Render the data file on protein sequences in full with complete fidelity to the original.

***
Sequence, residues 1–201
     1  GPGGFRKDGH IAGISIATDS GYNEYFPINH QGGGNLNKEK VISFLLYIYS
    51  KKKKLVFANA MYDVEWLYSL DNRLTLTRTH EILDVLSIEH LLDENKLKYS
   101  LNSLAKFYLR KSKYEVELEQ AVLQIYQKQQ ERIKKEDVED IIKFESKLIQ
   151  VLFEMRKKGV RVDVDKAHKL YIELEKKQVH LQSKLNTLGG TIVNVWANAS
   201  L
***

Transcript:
Sequence, residues 1–201
     1  GPGGFRKDGH IAGISIATDS GYNEYFPINH QGGGNLNKEK VISFLLYIYS
    51  KKKKLVFANA MYDVEWLYSL DNRLTLTRTH EILDVLSIEH LLDENKLKYS
   101  LNSLAKFYLR KSKYEVELEQ AVLQIYQKQQ ERIKKEDVED IIKFESKLIQ
   151  VLFEMRKKGV RVDVDKAHKL YIELEKKQVH LQSKLNTLGG TIVNVWANAS
   201  L